From Alexander the Great to present-day Egypt Alexander the Great was hailed as a liberator when he entered the land of Egypt in 332 BC. After his death, Egypt again became an independent kingdom under Ptolemy, who was the commander of Alexander the Great. The Ptolemaic dynasty ruled for 300 years. The greatest influence on Egypt at that time was made by Greece.
Alexandria, the new capital, has become a brilliant center of science and art. Egyptian was replaced by Greek as the state language. The Ptolemas enjoyed the natives; a new blend of Greek and Egyptian religious elements was circulated.
The construction of traditional Egyptian temples was also encouraged. The common people were probably hardly affected by the Greek influence. They kept their ancient customs and beliefs.
Egypt was occupied by the Romans in 31 BC, after the Battle of Actium and the death of the last Ptolemy ruler, Cleopatra. The country was governed by a prefect who was solely responsible to Emperor Augustus. The emperor considered the new territory his own property. Egyptian grain fed Rome for centuries, but Egypt only became poorer under the Romans. I. sz. In 395, Egypt became part of the Eastern Roman Empire and came under Byzantine rule. Instead of Roman religious customs, many adopted Christianity.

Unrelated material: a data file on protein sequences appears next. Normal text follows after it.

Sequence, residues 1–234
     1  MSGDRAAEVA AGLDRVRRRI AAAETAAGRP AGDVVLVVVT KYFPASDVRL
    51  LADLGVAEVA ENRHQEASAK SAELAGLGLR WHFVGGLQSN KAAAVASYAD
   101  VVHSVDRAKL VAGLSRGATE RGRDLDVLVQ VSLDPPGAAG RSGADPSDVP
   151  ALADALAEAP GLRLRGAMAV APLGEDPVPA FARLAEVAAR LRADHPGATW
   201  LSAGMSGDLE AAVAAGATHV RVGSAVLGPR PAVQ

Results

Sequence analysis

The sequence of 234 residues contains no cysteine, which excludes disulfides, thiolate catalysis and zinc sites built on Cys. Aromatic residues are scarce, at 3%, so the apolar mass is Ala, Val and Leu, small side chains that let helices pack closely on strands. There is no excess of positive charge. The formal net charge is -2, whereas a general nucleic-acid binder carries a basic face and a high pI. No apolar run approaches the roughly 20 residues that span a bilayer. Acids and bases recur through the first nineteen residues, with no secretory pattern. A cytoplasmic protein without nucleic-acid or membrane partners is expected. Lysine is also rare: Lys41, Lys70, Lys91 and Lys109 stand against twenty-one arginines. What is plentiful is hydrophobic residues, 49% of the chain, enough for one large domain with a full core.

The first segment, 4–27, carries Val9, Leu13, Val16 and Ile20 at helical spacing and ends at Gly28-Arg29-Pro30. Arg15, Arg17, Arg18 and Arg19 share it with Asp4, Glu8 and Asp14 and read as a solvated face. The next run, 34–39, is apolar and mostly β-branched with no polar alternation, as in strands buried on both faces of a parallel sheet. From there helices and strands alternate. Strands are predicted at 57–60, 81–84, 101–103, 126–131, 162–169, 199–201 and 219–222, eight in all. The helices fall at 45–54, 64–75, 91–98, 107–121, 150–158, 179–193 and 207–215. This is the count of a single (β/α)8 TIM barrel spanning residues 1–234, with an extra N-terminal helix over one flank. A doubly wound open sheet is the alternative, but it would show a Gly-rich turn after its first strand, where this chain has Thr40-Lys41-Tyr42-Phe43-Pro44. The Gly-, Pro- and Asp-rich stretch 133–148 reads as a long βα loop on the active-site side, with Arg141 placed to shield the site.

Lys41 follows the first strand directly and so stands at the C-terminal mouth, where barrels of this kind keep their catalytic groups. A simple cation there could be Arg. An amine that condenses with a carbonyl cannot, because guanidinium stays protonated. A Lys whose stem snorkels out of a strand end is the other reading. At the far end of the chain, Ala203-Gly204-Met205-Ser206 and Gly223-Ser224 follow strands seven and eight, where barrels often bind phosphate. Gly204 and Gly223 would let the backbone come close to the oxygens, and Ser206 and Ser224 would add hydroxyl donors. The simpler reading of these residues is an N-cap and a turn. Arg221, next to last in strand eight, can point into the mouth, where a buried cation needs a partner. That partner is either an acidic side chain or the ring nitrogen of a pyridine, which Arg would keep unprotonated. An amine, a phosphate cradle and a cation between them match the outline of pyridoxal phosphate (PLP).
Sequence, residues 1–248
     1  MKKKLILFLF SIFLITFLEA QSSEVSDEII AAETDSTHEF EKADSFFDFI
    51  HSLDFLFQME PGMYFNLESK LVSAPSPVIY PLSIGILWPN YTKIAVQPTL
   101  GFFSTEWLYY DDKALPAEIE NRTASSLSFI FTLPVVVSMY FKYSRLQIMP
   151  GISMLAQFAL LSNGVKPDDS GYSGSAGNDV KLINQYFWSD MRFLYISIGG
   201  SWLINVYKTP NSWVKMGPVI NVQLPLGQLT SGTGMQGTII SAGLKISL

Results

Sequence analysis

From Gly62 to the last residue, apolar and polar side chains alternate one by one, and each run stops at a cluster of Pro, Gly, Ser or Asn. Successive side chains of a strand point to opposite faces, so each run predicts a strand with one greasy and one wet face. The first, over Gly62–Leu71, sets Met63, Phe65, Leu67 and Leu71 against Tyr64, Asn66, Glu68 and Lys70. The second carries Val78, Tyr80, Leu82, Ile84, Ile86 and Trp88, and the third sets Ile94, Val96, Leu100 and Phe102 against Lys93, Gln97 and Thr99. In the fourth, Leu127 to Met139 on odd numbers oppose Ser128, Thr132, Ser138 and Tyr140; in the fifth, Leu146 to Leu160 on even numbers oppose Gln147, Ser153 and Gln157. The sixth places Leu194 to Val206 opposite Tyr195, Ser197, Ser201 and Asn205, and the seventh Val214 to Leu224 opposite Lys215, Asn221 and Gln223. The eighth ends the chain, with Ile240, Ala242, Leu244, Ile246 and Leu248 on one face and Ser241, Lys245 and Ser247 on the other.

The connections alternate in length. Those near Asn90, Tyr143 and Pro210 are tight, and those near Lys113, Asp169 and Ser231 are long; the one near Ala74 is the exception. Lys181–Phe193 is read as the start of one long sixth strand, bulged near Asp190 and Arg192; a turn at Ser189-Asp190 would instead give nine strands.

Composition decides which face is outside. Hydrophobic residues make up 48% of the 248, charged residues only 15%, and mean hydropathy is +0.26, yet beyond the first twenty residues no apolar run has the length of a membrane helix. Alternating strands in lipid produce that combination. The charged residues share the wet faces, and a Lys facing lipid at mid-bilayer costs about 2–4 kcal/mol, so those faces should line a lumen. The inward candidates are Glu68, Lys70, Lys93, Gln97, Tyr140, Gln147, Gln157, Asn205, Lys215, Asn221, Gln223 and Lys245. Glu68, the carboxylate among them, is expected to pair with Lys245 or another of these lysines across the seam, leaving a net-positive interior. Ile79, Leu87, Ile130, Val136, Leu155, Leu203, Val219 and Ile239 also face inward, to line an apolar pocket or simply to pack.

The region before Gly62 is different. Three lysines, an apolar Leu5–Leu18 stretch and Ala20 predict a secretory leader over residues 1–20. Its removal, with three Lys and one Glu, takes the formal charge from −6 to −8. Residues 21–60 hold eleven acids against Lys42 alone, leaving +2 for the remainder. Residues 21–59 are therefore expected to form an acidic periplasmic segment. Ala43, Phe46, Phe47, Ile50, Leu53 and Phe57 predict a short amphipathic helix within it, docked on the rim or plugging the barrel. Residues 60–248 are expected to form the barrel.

The religious life of present-day Egypt is dictated by the Arab conquest in 640, a few centuries later. Byzantine rule was swept away, and the country gradually converted to the Islamic faith. A Christian minority, however, the Copts retained their faith. Egypt, under the direction of the deputies of the caliphs, has become one of the strengths of the Muslim world.
The Fatimids founded the new capital, Cairo, in 969. In 1171, Saladin became king of Egypt. With his conquests, he ruled Syria, Mesopotamia, and much of Arabia and North Africa. After his death, the empire quickly disintegrated. Around 1250, the kingdom fell into the hands of the Mamluks.